Showdown: Paper vs. Physical Bullion Markets

By Clint Siegner

The first half of 2021 did not play out as hoped by precious metals investors. Despite the effort to “squeeze” the bullion banks, silver has yet to push through the $30 barrier, and gold remains below the high put in nearly a year ago.

The effort has been valiant. Demand for physical bullion is unprecedented.

However, the paper markets, where price discovery is purportedly done, remain untethered to physical supply and demand.

It will take more than physical demand to break the back of the banking regime which dominates the paper markets.

It will also require a change in investor psychology. A collapse in confidence among those holding paper contracts must happen before they stop walking into the rigged casino and placing their bets.

In the meantime, there isn’t much use in trying to apply fundamental analysis to gold and silver paper markets. The fundamentals will have a much larger bearing on the markets for physical bullion.

The reasons for buying and holding coins, rounds, and bars have been multiplying over the past year and a half. Demand led to historically high premiums and shortages of available inventory.

In recent weeks, however, buyers got some relief. Premiums for many bars and rounds have fallen and dealer inventories are in better shape. Whether or not these trends continue in the second half of 2021, will depend on where demand goes from here.

Here are the forces we expect to drive demand for physical bullion between now and year end.

The first is price inflation. Rising prices have been getting a lot of attention in the financial press. Fed Chairman Jerome Powell assures us that these forces will be transitory, but investors shouldn’t be fooled.

Many commodity prices have fallen over the past month or two. Lumber has fallen dramatically, and some pundits are now wondering if Powell may have been right after all.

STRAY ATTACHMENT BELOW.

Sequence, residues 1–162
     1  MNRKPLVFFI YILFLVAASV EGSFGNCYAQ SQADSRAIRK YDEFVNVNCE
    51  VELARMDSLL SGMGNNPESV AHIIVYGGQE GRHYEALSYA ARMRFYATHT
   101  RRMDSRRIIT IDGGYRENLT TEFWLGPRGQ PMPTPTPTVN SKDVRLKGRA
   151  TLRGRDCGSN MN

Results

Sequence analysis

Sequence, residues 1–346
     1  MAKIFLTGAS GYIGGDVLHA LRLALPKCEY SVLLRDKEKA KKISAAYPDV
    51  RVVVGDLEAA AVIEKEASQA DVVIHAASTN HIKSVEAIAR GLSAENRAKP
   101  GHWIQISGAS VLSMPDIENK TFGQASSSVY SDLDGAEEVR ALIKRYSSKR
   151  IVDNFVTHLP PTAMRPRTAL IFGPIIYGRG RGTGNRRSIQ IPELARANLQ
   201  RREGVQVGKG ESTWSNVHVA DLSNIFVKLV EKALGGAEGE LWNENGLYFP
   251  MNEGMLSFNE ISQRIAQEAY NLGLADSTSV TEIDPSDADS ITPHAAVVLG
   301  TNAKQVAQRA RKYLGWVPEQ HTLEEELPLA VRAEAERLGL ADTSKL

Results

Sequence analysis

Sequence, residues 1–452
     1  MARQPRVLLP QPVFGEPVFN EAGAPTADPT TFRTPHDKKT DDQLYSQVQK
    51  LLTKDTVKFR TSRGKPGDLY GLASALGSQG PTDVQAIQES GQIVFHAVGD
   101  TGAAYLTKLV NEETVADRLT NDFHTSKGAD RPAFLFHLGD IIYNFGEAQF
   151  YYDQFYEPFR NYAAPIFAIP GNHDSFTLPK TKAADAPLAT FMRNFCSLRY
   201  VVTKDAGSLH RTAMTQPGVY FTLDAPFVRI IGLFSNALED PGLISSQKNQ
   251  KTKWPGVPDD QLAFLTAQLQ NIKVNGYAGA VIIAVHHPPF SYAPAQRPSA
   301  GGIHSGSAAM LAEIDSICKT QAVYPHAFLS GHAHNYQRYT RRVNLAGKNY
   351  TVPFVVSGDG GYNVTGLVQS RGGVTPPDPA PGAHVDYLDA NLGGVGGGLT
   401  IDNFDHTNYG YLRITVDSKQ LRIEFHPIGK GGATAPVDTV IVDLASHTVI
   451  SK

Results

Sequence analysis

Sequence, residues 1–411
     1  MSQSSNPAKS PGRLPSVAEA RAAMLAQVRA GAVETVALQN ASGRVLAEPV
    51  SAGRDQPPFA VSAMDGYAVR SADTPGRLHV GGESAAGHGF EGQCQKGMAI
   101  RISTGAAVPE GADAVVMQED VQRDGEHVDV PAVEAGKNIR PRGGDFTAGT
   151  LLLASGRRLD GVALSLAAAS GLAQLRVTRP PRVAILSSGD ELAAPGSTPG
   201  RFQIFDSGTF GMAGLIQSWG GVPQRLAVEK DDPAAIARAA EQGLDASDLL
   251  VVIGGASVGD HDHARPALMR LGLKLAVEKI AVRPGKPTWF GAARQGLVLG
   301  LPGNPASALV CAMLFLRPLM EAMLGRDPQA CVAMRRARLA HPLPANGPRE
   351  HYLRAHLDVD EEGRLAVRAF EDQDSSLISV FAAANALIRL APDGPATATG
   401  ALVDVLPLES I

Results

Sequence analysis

We doubt it. Today the price of lumber is still roughly double its average in recent years. Oil prices are 50% higher than where they began the year. Perhaps most importantly, wages are surging higher.

Higher prices are almost certainly on the way and that fact will be hard to hide, even with bureaucrats heavily managing the headline CPI numbers.

The next driver figures to be Federal Reserve dovishness. The central bank cut the Funds rate to zero in March of 2020 and then stepped aside and let Congress provide most of the artificial stimulus needed to keep our addicted markets from collapsing.

Most Americans received a series of direct payments from the federal government. These payments are coming to an end, at least for now.



Look for the Fed to resume a more prominent role in the markets. Officials there are jawboning about reducing stimulus. That could be expected with price inflation taking off and the equity markets at record highs.

But investors should remember the FOMC is expecting to let inflation run hotter for longer given that CPI inflation spent so long below the rate the central planners were targeting. It is unlikely the Fed will do any serious tightening before year end.

The election integrity issue is a bit of a wildcard for the bullion markets. The forensic audit in Arizona has been completed and the findings raise a few doubts. Other states are considering audits of their own. In fact, there is now an organization pushing for audits in all 50 states – even those where Trump won.

Finally, we may see continued (or increasing) civil unrest driving bullion demand. The battle over vaccine passports and re-lockdowns has the potential to heat up as the Delta variant spreads.

Precious metals prices respond well to chaos and uncertainty, and more of both seem likely.

Clint Siegner is a Director at Money Metals Exchange, a precious metals dealer recently named “Best in the USA” by an independent global ratings group. A graduate of Linfield College in Oregon, Siegner puts his experience in business management along with his passion for personal liberty, limited government, and honest money into the development of Money Metals’ brand and reach. This includes writing extensively on the bullion markets and their intersection with policy and world affairs.


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